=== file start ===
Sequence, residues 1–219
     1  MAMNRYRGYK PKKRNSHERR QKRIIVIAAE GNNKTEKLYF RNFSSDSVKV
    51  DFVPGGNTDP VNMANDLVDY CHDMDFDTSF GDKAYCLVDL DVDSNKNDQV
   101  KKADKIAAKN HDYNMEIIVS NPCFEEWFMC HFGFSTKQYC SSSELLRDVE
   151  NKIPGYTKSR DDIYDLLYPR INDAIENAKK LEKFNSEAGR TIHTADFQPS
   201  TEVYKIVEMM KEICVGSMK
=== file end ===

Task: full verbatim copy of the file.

Sequence, residues 1–219
     1  MAMNRYRGYK PKKRNSHERR QKRIIVIAAE GNNKTEKLYF RNFSSDSVKV
    51  DFVPGGNTDP VNMANDLVDY CHDMDFDTSF GDKAYCLVDL DVDSNKNDQV
   101  KKADKIAAKN HDYNMEIIVS NPCFEEWFMC HFGFSTKQYC SSSELLRDVE
   151  NKIPGYTKSR DDIYDLLYPR INDAIENAKK LEKFNSEAGR TIHTADFQPS
   201  TEVYKIVEMM KEICVGSMK